Abel Rodriguez (b. 1941)
During the spring of 2015, the Conde Duque museum in Madrid hosted a small exhibition featuring nine Colombian artists. One artist immediately stood out due to his originality and individuality: Abel Rodriguez. His somewhat naive drawings of the Amazon rainforest immediately strike you as pure and genuine. The drawings have clearly not been produced for the art market, but are the result of a deeply rooted love for the subject: “his” rainforest.
Abel Rodriguez is about 80 years of age and has only been drawing for fifteen years. Almost twenty years ago, the FARC expelled him, his wife and children from the Amazon rainforest, where he’d lived his entire life. At the time of his forced departure, he was the tribal elder of the Nonuya Indians and leaving his home ground was very difficult for him. While living in a rough suburb of Bogotá, his heartbreak started to gradually play up and he answered it by creating watercolours based on the memories of his native soil. His beautiful drawings are recognised by the Tropical Forest Alliance in Bogotá, an NGO dedicated to the preservation of the rainforest. They offer him a small salary in exchange for the drawings and Abel’s knowledge of the rainforest.
It wasn’t until 2018 that Rodriguez actually started selling his work to art enthusiasts and collectors. Local tribal culture prohibits him from making money from his native soil, the Amazon Rainforest. He’s a rainforest conservation activist, and on the rare occasions that Rodriguez sells his work, the majority of the proceeds go to his campaign.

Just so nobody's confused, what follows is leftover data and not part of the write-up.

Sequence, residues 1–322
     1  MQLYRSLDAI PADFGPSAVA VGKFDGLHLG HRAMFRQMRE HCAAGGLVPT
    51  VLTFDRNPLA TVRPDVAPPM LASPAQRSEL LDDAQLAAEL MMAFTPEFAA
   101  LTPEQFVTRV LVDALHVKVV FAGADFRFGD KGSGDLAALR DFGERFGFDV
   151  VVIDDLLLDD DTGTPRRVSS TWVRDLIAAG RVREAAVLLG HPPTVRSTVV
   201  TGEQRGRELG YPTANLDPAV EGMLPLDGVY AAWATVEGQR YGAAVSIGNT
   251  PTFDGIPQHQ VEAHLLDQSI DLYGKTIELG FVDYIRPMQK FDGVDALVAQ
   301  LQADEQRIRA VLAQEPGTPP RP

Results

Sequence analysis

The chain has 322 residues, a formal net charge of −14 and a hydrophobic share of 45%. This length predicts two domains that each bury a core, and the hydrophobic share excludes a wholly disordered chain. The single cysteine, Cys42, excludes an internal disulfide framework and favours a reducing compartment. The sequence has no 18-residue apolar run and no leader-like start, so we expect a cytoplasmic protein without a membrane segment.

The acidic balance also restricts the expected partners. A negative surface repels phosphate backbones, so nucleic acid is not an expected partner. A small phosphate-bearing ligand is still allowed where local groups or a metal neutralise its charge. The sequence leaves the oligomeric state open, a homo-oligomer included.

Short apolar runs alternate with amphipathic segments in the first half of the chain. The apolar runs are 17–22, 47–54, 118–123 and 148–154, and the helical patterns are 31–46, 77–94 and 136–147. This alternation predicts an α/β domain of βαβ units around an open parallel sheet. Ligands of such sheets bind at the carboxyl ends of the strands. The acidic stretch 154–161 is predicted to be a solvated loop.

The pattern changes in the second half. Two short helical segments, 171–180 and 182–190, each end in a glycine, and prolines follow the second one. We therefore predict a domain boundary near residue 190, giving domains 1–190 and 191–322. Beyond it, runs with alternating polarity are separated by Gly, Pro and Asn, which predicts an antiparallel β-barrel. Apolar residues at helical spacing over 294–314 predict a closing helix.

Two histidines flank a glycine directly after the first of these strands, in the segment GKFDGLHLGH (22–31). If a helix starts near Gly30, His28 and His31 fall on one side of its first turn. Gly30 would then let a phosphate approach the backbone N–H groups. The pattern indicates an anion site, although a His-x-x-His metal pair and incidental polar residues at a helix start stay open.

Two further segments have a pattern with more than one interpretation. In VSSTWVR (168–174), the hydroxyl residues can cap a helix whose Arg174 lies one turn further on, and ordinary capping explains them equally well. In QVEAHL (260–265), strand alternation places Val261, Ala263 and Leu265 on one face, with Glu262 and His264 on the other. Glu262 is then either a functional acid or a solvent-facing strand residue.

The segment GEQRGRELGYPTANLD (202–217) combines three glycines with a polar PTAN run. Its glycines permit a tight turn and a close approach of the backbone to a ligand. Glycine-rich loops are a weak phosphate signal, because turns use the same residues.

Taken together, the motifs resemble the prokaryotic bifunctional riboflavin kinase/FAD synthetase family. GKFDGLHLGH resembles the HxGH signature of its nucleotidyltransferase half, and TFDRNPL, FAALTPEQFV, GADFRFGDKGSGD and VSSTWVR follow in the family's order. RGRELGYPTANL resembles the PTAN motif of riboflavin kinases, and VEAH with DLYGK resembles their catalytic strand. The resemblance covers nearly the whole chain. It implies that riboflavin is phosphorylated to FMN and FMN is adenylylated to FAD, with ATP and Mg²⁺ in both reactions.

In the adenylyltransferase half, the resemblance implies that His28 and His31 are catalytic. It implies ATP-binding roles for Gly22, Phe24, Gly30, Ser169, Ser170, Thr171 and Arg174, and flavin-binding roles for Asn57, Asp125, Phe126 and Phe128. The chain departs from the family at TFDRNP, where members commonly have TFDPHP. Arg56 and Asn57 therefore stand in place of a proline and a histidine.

Abel Rodriguez (b. 1941)
Terraza Alta 2017
Despite the fact Rodriguez doesn’t see himself as an artist, there is ample reason to argue he is. Due to his modest nature, he tends to avoid antagonistic confrontation. Rather, Rodriguez speaks through his drawings. The trees, plants and animals are represented in an almost childish way, but many details, especially when it comes to plant life, are meticulously correct. Even if the viewer isn’t acquainted with Rodriguez’s history, his attachment to his subject is palpable. And although he almost always portrays the same thing, namely, the rainforest during the wet or dry season, his drawings are never mechanical or clichéd. The seasonal differences in the rainforest seem modest at first sight, but the animal population changes significantly during the drier months, as sandbanks become dry and the foliage less dense.
Rodrigeuz’s rich sheets are now also finding their way to museums and institutes. He featured prominently at the 14th Documenta of Kassel in 2017, and in 2020, Abel had a major solo exhibition at Newcastle’s prestigious The Baltic. In the Netherlands, the first to buy his work was the Teylers Museum, the oldest scientific museum in the world.